are many schools which can trace their foundations back to Victorian
times and a few to even earlier roots, but there are a few things
which make the history of St. Peter's CE Junior School interesting
and probably fairly unique.
It was founded by a woman in 1704 and at this time in history there
were very few educated or influential women.
She appears to have been wealthy in her own right.
We have the copies of evidence going back to 1704 including
Over the 300 years there has been only two female head teachers
There are only two surviving head teachers, myself and my
was this woman?
was Catherine Pepys, nee Grumbold, who was born in Raunds but left
to go to Cottenham in Cambridgeshire when she married a cousin of
Samuel Pepys (The famous diarist).
own family, the Grumbolds are equally interesting. Her parents were
Edward and Mary Grumbold. It seems likely the family owned quarries
in the areas surrounding Raunds and the stone they excavated was
much sought after and used for mantelpieces as it could be polished.
It was known as "Raunds Marble."
Catherine's Uncle Thomas and brother, Robert, were master stone
masons and builders, but it is their links with other well-known
famous people of their time which makes them so interesting. It
seems Thomas knew Inigo Jones but Thomas's most influential work
was at the University of Cambridge. Some writers think he designed
the Clare Bridge. Others
think Thomas was only the builder. But it was his nephew, Robert,
who was to really make his mark upon Cambridge and other places.
The Wren Library was completed in 1695, having been designed by
Sir Christopher Wren and the actual building work was overseen by
Robert Grumbold who chose the exterior stone from a quarry in Rutland.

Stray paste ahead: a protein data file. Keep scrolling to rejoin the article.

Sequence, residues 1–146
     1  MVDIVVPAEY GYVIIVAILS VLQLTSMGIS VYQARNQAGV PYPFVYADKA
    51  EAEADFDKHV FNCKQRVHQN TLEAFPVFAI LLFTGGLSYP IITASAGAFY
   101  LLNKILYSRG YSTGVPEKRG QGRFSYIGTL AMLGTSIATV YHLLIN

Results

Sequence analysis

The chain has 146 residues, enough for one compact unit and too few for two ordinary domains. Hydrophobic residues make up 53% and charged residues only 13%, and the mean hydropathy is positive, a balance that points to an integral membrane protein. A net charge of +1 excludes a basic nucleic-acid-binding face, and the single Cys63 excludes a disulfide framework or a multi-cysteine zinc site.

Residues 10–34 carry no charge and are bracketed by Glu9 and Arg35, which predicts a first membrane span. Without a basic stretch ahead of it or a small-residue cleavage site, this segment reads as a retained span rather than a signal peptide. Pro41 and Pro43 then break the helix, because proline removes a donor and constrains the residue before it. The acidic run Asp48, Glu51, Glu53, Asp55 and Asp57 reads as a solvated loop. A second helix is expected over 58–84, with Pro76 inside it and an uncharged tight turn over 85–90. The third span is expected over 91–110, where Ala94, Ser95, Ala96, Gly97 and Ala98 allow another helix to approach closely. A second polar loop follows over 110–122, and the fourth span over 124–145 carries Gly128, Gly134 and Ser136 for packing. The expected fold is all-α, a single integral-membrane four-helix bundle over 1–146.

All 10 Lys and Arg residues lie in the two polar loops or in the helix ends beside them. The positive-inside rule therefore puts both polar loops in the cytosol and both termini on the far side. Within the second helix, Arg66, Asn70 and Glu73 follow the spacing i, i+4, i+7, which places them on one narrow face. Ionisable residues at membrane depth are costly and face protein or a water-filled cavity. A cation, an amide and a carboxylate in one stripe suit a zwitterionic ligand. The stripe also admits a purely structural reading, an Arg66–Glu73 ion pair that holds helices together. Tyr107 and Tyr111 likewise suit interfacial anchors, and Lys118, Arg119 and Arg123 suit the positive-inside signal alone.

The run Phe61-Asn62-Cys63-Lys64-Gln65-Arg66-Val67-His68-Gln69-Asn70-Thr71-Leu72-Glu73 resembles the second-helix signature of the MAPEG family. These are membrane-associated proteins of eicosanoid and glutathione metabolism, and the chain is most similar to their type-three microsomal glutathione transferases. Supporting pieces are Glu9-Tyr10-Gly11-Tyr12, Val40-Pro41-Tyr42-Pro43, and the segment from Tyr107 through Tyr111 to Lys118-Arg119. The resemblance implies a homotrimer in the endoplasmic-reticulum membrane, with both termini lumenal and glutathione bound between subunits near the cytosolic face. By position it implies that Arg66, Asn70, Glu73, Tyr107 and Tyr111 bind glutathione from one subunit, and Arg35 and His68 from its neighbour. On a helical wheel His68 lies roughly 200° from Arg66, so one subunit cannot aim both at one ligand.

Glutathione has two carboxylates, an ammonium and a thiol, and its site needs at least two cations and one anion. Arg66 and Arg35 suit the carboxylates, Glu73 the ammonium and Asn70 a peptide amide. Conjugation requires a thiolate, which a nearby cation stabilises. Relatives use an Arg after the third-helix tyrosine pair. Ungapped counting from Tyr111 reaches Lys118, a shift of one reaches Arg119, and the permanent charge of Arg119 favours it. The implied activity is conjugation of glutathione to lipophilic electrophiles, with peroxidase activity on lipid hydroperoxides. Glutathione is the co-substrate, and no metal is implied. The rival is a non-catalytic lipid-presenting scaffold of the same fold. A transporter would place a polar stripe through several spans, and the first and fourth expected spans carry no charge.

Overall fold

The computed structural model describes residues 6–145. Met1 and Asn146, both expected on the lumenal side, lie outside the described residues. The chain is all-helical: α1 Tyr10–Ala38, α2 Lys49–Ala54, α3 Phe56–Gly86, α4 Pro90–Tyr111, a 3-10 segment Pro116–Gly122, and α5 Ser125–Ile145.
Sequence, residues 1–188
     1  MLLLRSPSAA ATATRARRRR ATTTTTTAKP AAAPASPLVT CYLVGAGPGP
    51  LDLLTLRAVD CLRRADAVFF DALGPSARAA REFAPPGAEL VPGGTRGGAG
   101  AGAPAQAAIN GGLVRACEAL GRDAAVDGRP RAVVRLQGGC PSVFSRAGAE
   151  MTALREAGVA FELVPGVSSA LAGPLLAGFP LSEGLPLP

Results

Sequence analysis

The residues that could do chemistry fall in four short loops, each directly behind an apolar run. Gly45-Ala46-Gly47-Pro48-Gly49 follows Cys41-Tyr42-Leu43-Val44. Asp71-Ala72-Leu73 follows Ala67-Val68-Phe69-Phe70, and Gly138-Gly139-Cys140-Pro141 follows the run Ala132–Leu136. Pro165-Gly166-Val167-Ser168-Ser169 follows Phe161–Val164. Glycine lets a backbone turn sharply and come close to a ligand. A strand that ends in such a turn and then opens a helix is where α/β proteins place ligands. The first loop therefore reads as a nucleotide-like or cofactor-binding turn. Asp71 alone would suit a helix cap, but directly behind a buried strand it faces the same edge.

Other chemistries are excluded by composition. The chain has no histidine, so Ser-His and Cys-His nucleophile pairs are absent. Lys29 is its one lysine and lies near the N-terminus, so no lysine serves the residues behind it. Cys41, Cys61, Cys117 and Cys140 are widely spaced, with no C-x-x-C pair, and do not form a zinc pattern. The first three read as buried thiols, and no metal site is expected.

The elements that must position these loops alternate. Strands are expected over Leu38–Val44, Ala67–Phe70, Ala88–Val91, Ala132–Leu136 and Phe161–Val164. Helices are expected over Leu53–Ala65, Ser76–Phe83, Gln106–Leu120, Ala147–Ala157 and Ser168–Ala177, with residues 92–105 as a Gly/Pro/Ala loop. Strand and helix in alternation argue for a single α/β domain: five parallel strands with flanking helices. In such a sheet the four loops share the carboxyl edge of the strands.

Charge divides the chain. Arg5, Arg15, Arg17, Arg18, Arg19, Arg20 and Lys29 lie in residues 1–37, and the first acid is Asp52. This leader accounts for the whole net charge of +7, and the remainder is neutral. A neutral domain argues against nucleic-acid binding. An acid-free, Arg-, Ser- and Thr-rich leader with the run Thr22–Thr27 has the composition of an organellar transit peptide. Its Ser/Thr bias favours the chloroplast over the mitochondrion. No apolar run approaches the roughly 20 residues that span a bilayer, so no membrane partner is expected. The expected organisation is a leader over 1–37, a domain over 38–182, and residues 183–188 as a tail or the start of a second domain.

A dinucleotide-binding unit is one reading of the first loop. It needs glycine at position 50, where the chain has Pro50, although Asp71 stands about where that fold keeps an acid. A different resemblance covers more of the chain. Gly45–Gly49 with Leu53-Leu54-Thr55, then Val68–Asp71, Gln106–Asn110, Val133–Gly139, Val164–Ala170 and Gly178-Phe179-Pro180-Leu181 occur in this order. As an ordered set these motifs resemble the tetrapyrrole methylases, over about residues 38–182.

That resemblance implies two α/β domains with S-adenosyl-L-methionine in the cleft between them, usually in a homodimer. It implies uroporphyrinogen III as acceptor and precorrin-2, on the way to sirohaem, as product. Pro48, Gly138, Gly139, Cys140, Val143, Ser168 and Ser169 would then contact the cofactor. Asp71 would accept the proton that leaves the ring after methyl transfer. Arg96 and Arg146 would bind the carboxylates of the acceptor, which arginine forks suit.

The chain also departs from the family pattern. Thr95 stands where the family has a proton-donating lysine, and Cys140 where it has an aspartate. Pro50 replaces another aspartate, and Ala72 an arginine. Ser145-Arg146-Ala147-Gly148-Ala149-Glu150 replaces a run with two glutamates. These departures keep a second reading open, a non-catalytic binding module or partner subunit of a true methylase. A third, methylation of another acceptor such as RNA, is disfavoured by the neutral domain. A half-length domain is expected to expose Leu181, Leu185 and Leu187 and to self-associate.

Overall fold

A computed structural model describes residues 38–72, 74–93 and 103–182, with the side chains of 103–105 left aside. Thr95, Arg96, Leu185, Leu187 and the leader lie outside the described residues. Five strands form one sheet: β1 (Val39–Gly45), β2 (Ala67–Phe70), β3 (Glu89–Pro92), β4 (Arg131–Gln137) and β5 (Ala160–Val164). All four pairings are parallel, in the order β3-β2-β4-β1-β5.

my research I have also discovered an earlier Grumbold, William
who designed the Market House at Rothwell for Sir Thomas Tresham
can be seen that Catherine's family were involved with and knew
many influential people of their time. Robert obviously travelled
about the country and no doubt Catherine may well have been to both
London and Cambridge with him. Where she met her husband, we do
not know but it was certainly a match between two wealthy families.
signature on her Will
document is three pages long and is clearly signed by Catherine
herself and dated 1703. It is quite difficult to read but it definitely
states that she left £100 to both Cottenham and Raunds. At
Cottenham she nominated the first master and stipulated that his
successors were to be born in Cottenham, a rule observed until 1828.
Cottenham, the money was to be used to pay a master to teach 16
poor boys for free, but the wording concerning Raunds states "poor
children" and according to records of 1st September 1704, the
following pupils were taught by Thomas Teale, the parish clerk.
Thomas Infield - son of Sarah
Frances Hall - son of Francis
Daughter of Widow White
James Teale son of Thomas Teale
John Whitmea's son
James Dowglas's child
Son of William Smith
Susannah daughter of Robert Sutton
Judeth - daughter of Widow Somes
Anne - daughter of John Ekins
Elizabeth Sawyer - daughter of James
Daughter of Widow Barnett.
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